System Administration Guide: IP Services

Using the dscpmk Marker for Forwarding Packets

The marker receives traffic flows after the flows are processed by the classifier or by the metering modules. The marker marks the traffic with a forwarding behavior. This forwarding behavior is the action to be taken on the flows after the flows leaving the IPQoS system. Forwarding behavior to be taken on a traffic class is defined in the per-hop behavior (PHB). The PHB assigns a priority to a traffic class, which indicates the precedence flows of that class in relation to other traffic classes. PHBs only govern forwarding behaviors on the IPQoS system's contiguous network. For more information on PHBs, refer to Per-Hop Behaviors.

Packet forwarding is the process of sending traffic of a particular class to its next destination on a network. For a host such as an IPQoS system, a packet is forwarded from the host to the local network stream. For a Diffserv router, a packet is forwarded from the local network to the router's next hop.

The marker marks the DS field in the packet header with a well-known forwarding behavior that is defined in the IPQoS configuration file. Thereafter, the IPQoS system and subsequent Diffserv-aware systems forward the traffic as indicated in the DS field until the mark changes. To assign a PHB, the IPQoS system marks a value in the DS field of the packet header. This value is called the differentiated services codepoint (DSCP). The Diffserv architecture defines two types of forwarding behaviors, EF and AF, which use different DSCPs. For overview information about DSCPs, refer to DS Codepoint.

The IPQoS system reads the DSCP for the traffic flow and evaluates the flow's precedence in relation to other outgoing traffic flows. The IPQoS system then prioritizes all concurrent traffic flows and releases each flow onto the network by its priority.

The Diffserv router receives the outgoing traffic flows and reads the DS field in the packet headers. The DSCP enables the router to prioritize and schedule the concurrent traffic flows. The router forwards each flow by the priority that is indicated by the PHB. Note that the PHB cannot apply beyond the boundary router of the network unless Diffserv-aware systems on subsequent hops also recognize the same PHB.

Expedited Forwarding (EF) PHB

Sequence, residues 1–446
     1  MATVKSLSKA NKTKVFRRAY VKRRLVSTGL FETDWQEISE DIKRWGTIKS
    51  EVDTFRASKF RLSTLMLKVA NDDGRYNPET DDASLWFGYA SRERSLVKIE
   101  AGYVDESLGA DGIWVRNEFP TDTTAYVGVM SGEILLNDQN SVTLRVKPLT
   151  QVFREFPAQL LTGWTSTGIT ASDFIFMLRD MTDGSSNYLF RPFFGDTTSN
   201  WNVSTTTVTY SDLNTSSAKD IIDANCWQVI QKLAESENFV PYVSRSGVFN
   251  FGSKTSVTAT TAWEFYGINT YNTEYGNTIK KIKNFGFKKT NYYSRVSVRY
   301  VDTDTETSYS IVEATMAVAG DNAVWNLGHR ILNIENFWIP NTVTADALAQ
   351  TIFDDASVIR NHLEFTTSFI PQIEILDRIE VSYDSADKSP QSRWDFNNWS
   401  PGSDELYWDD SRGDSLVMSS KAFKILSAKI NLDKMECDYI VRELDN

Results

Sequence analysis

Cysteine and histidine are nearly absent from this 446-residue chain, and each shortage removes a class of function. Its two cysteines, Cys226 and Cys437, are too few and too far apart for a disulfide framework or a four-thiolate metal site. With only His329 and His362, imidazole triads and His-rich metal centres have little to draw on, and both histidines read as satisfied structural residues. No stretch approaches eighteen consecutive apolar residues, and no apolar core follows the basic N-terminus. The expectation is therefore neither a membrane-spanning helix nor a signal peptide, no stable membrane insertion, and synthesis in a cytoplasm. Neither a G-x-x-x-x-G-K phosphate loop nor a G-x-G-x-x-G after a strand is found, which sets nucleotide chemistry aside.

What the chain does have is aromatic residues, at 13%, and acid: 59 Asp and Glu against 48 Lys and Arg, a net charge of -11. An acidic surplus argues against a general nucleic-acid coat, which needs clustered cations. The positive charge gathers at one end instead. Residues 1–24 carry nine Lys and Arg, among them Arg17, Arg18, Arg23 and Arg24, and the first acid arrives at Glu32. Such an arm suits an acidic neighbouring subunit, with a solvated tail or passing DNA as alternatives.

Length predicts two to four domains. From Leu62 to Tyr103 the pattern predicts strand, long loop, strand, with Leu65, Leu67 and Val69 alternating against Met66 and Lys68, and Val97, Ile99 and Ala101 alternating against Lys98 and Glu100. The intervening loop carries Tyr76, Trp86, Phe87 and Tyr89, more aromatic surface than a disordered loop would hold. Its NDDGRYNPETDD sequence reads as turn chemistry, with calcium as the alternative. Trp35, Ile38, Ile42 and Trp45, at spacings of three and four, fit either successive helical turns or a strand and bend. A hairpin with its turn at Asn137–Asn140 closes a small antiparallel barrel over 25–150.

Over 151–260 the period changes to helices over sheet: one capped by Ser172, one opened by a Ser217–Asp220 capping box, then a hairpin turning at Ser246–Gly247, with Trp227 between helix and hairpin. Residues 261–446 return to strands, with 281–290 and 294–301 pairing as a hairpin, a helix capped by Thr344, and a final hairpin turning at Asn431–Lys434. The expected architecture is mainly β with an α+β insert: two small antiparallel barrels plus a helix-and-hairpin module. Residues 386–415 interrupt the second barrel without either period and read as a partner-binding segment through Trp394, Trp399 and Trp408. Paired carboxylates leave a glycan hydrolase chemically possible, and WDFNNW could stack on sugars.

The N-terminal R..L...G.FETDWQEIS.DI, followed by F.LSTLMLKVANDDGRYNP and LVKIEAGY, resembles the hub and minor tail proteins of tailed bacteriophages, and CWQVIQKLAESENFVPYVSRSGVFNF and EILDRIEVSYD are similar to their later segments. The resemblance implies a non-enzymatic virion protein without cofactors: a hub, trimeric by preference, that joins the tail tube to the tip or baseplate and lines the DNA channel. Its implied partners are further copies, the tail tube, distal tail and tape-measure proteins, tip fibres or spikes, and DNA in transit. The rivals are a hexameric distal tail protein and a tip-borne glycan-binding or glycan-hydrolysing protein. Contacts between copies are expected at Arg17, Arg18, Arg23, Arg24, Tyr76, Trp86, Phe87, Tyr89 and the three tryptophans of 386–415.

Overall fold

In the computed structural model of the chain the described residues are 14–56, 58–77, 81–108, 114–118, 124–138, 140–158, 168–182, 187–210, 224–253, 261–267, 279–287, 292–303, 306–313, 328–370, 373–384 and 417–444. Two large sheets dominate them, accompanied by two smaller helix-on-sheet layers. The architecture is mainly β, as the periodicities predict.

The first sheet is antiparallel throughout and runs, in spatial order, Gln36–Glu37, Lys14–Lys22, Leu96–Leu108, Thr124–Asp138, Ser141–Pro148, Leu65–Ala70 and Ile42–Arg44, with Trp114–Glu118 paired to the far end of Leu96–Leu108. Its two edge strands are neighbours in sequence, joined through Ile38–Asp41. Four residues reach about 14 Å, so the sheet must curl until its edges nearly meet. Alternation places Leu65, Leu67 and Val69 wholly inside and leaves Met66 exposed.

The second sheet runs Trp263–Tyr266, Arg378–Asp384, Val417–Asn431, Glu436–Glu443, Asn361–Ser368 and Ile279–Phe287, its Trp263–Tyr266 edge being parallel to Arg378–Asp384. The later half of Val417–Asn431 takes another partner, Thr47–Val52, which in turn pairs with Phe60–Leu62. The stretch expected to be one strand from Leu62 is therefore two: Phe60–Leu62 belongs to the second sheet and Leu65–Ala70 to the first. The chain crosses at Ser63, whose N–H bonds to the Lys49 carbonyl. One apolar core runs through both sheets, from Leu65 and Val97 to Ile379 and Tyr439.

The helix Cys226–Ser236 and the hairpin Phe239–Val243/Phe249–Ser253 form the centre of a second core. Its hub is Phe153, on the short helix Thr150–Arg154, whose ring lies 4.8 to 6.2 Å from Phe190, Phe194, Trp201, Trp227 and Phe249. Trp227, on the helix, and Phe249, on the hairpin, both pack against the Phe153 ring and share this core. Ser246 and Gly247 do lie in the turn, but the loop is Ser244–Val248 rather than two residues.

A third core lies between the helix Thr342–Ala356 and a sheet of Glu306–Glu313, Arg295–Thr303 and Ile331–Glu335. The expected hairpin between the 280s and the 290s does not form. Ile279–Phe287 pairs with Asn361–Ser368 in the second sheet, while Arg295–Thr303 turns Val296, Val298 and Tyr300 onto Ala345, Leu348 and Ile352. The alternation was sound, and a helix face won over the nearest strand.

Expedited forwarding (EF) guarantees that packets with the recommended EF codepoint 46 (101110) receive the best treatment that is available on release to the network. Expedited forwarding is often compared to a leased line. Packets with the 46 (101110) codepoint are guaranteed preferential treatment by all Diffserv routers en route to the packets' destination. For technical information about EF, refer to RFC 2598, An Expedited Forwarding PHB.

Assured Forwarding (AF) PHB

Assured forwarding (AF) provides four different classes of forwarding behaviors that you can specify to the marker. The next table shows the classes, the three drop precedences that are provided with each class, and the recommended DSCPs that are associated with each precedence. Each DSCP is represented by its AF value, its value in decimal, and its value in binary.

Table 37–2 Assured Forwarding Codepoints


Class 1 

Class 2 

Class 3 

Class 4 

Low-Drop Precedence

AF11 = 

10 (001010) 

AF21 = 

18 (010010) 

AF31 = 

26 (011010) 

AF41 = 

34 (100010) 

Medium-Drop Precedence

AF12 = 

12 (001100) 

AF22 = 

20 (010100) 

AF32 = 

28 (011100) 

AF42 =  

36 (100100) 

High-Drop Precedence

AF13 = 

14 (001110) 

AF23 = 

22 (010110) 

AF33 = 

30 (011110) 

AF43 = 

38 (100110) 

Any Diffserv-aware system can use the AF codepoint as a guide for providing differentiated forwarding behaviors to different classes of traffic.

When these packets reach a Diffserv router, the router evaluates the packets' codepoints along with DSCPs of other traffic in the queue. The router then forwards or drops packets, depending on the available bandwidth and the priorities that are assigned by the packets' DSCPs. Note that packets that are marked with the EF PHB are guaranteed bandwidth over packets that are marked with the various AF PHBs.

Coordinate packet marking between any IPQoS systems on your network and the Diffserv router to ensure that packets are forwarded as expected. For example, suppose IPQoS systems on your network mark packets with AF21 (010010), AF13 (001110), AF43 (100110), and EF (101110) codepoints. You then need to add the AF21, AF13, AF43, and EF DSCPs to the appropriate file on the Diffserv router.

For a technical explanation of the AF codepoint table, refer to RFC 2597. Router manufacturers Cisco Systems and Juniper Networks have detailed information about setting the AF PHB on their web sites. You can use this information to define AF PHBs for IPQoS systems as well as routers. Additionally, router manufacturers' documentation contains instructions for setting DS codepoints on their equipment.

Supplying a DSCP to the Marker

The DSCP is 6 bits in length. The DS field is 1 byte long. When you define a DSCP, the marker marks the first 6 significant bits of the packet header with the DS codepoint. The remaining 2 least-significant bits are unused.

To define a DSCP, you use the following parameter within a marker action statement:


The dscp_map parameter is a 64-element array, which you populate with the (DSCP) value. dscp_map is used to map incoming DSCPs to outgoing DSCPs that are applied by the dscpmk marker.

You must specify the DSCP value to dscp_map in decimal notation. For example, you must translate the EF codepoint of 101110 into the decimal value 46, which results in dscp_map{0-63:46}. For AF codepoints, you must translate the various codepoints that are shown in Table 37–2 to decimal notation for use with dscp_map.